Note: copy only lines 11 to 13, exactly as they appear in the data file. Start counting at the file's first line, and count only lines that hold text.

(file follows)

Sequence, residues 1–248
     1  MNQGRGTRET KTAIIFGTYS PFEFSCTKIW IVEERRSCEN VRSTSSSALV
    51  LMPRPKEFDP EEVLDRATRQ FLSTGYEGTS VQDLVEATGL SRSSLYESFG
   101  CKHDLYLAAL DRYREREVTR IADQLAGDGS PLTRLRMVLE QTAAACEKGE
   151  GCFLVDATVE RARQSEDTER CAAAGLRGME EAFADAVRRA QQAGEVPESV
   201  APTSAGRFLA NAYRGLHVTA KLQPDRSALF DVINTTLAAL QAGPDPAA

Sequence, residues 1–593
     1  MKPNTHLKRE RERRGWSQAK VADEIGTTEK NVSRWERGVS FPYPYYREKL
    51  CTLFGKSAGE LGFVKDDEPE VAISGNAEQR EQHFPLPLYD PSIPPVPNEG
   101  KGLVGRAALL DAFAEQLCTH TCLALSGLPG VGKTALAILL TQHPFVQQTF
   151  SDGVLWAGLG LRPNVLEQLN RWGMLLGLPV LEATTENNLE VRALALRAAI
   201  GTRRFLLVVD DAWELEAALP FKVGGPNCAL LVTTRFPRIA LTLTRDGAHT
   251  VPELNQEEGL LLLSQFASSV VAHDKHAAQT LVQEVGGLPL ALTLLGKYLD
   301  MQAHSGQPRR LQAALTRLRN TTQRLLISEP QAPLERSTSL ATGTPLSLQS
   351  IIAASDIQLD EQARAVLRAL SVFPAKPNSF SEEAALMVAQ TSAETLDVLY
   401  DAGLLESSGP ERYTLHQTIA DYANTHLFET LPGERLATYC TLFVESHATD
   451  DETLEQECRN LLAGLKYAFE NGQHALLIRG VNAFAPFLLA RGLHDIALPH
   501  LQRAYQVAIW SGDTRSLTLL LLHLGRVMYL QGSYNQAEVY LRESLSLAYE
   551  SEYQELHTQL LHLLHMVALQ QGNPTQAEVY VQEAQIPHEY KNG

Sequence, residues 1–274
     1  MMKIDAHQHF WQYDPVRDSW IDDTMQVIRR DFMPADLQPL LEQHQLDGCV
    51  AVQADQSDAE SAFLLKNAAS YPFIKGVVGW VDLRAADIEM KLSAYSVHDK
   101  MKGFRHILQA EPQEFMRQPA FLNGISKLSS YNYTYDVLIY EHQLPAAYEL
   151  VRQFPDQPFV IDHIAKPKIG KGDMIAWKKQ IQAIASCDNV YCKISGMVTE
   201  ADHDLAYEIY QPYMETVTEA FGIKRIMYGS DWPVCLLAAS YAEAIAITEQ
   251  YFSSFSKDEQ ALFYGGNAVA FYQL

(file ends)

   151  SDGVLWAGLG LRPNVLEQLN RWGMLLGLPV LEATTENNLE VRALALRAAI
   201  GTRRFLLVVD DAWELEAALP FKVGGPNCAL LVTTRFPRIA LTLTRDGAHT
   251  VPELNQEEGL LLLSQFASSV VAHDKHAAQT LVQEVGGLPL ALTLLGKYLD